However, for workers who were instructed or otherwise required to work remotely, an employer can only mandate that these workers must be available to work during regular business hours and capable of performing the job that is required. For example, if the worker decides to work from a cottage, he or she must ensure that there is a viable internet connection so that the usual work can be performed. Aside from these basic requirements, if an employer asks that workers remain away from the workplace, where that work is actually performed is irrelevant.



I don’t feel safe going into the workplace because of COVID-19. Can I stay home?

This depends on whether your presence at the workplace presents a reasonable likelihood that you will become infected with COVID-19.

You have the right to refuse to perform your job if it is likely to endanger you. Whether you face a clear and present danger depends on the circumstances and the type of work you perform. A work refusal is only justified when the situation remains unsafe. If you work in an office and an employee near to you is complaining of symptoms similar to COVID-19, you may be justified in leaving that airspace and, if there is no other alternative, staying home until that threat of a potential infection is removed. You do not have an unlimited right to simply stop working or return home whenever you feel like there could be a risk. It has to be a real risk.

Although you cannot be fired for exercising a COVID-19 work refusal due to a good-faith belief that you may become infected, if you stop working without that good faith and reasonable belief, your wages and job may be placed in jeopardy.

Whether your COVID-19 refusal to work is justifiable will depend on whether it is founded upon recommendations of public-health authorities or founded upon unreasonable fears. Stay informed by following municipal, provincial and federal health recommendations posted on official government websites.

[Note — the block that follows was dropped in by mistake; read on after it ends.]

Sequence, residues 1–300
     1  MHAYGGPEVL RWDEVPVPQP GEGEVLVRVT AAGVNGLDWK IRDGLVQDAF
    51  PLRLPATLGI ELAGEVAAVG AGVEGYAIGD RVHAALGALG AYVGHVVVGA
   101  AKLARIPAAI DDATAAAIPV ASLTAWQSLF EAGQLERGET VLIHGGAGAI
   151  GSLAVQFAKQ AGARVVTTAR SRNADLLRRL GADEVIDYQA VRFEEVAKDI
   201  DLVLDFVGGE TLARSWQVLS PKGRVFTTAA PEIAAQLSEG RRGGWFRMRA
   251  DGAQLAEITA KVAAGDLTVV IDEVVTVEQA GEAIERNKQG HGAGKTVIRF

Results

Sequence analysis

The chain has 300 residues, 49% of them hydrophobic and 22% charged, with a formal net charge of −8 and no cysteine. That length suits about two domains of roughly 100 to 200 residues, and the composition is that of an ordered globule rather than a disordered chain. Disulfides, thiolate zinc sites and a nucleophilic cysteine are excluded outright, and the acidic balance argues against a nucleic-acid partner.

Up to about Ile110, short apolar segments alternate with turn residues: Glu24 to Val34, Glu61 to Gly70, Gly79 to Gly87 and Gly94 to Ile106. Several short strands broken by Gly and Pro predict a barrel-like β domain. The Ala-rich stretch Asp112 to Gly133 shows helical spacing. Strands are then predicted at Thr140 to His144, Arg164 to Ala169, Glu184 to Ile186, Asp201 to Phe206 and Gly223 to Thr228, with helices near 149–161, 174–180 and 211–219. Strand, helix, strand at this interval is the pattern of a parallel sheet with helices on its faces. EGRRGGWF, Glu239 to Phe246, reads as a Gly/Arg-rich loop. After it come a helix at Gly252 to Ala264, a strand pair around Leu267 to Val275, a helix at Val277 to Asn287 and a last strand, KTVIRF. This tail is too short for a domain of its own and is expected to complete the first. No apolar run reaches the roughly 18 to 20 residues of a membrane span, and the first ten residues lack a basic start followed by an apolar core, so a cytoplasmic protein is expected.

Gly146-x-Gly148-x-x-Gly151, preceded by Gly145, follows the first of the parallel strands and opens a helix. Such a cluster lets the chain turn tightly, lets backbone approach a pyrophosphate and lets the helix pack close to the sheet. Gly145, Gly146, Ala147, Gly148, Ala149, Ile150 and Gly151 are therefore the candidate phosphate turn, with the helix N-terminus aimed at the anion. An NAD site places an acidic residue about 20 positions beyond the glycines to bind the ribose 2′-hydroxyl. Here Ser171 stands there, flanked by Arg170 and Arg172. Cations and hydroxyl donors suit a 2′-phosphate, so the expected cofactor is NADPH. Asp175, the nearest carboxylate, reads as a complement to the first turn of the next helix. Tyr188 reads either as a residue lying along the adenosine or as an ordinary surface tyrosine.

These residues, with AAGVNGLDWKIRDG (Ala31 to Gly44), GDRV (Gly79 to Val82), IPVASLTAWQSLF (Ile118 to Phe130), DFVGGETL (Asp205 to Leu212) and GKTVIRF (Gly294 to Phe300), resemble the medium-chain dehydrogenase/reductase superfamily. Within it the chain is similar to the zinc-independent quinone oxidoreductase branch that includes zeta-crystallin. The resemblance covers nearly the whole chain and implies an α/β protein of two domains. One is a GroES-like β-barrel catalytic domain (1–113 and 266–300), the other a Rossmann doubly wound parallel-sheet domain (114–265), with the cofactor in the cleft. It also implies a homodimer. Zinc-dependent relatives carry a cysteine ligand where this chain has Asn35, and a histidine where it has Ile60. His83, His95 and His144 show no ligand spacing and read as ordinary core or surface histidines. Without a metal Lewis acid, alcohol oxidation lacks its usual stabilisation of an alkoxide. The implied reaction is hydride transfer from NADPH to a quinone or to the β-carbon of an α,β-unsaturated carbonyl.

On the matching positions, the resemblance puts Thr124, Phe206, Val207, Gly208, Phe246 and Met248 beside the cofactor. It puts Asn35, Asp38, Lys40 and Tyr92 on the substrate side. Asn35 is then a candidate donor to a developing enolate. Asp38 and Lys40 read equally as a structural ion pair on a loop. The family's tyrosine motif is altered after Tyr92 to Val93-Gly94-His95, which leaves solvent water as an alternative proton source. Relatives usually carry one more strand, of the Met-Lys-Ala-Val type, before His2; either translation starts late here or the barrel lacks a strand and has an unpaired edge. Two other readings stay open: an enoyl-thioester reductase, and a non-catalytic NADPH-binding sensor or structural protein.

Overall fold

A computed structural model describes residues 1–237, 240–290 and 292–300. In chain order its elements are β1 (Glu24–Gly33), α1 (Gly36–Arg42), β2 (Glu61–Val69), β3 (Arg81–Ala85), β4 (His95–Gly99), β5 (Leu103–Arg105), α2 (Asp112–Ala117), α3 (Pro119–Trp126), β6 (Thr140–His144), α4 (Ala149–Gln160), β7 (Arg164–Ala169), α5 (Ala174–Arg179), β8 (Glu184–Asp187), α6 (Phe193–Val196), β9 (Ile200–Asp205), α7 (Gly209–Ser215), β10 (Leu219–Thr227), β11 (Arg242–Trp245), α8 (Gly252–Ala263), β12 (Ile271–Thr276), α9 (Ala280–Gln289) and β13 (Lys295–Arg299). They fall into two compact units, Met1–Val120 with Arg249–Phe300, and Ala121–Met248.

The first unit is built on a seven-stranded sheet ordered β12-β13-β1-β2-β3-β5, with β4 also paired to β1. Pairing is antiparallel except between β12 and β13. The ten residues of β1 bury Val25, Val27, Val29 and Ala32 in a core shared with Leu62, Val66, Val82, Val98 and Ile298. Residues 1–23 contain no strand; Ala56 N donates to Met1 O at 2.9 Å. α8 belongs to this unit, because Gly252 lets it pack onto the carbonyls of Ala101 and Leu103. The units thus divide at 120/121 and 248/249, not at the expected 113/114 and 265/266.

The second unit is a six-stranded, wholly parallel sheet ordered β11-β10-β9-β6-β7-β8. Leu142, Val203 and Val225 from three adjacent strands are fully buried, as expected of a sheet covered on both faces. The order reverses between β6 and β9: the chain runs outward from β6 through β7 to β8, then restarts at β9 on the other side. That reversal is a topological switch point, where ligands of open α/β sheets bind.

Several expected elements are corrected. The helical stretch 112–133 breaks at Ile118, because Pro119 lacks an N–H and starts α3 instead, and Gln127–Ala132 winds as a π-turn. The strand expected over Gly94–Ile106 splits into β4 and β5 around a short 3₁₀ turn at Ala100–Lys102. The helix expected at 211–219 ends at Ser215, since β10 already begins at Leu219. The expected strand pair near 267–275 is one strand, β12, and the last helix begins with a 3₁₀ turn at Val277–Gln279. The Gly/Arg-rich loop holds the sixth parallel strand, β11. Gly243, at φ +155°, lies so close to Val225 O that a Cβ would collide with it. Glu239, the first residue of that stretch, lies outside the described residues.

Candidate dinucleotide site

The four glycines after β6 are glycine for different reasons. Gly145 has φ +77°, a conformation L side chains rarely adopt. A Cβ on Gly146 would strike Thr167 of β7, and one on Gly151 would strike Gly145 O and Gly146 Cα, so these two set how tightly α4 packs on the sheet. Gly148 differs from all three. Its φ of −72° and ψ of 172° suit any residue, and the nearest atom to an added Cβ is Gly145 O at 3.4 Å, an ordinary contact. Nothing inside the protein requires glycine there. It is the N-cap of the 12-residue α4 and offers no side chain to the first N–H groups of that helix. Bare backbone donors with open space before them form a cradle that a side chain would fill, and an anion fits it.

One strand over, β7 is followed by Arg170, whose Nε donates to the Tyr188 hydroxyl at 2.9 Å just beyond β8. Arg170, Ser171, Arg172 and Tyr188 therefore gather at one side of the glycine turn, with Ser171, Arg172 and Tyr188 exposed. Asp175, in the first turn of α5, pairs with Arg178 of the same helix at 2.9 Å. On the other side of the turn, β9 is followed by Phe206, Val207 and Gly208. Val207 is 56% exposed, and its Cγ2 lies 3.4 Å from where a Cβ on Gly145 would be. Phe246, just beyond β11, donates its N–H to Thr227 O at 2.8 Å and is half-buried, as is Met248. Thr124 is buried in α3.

The provincial government also recently announced job-protection legislation to protect the job security of employees away from work because of COVID-19. The precise scope of the legislation is not yet known.

I’m suffering from cold-like symptoms and I feel like I need to stay home at least for 14 days for self-isolation. My employer still wants me to work. Can I be forced to work?

If you do have COVID-19 and your presence at work infects other employees, then both you and your employer can potentially be sued. Both employees and employers have a responsibility to protect other coworkers and the general public.

Although each jurisdiction across Canada is addressing this slightly differently, you cannot be fired if you are sick and unable to work due to COVID-19, including even a presumption that you are sick with the illness, as many people with symptoms are still not receiving tests. Some Provinces have also created protected leaves of absence that define whether and when you have the right to assert a leave of absence due to COVID-19 or the possibility of it.

Speak with the local authorities, follow their guidance, and attempt to get tested. If you are indeed sick with COVID-19, then you must immediately notify your employer. You cannot be required to re-attend the workplace until you are no longer sick and do not pose a threat of spreading the illness to others.

Once you can be more certain that you do not actually have COVID-19, then you can be required to work.

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My children are not in school or daycare and camp will be closed. Must my employer accommodate this and how?

As more employees are recalled back to work this issue is quickly becoming a pressing concern.

Human-rights laws across Canada require employers to accommodate genuine child-care needs. Therefore, employers cannot fire or treat parents adversely because they must care for their children. This does not require employers to provide parents with all of their preferences for when and how to work but it does mean that employers have to attempt to find a solution that would allow parents to continue to perform their jobs while caring for their children, if this is possible.

In order to properly accommodate parents who must look after children, employers should conduct a practical assessment of the nature and scope of the role and whether the essential conditions of the job can still be performed by a parent who is provided with a flexible working arrangement, such as varied hours of work or remote work. If a solution is possible that will not cause an employer undue hardship, then it must be offered to parents.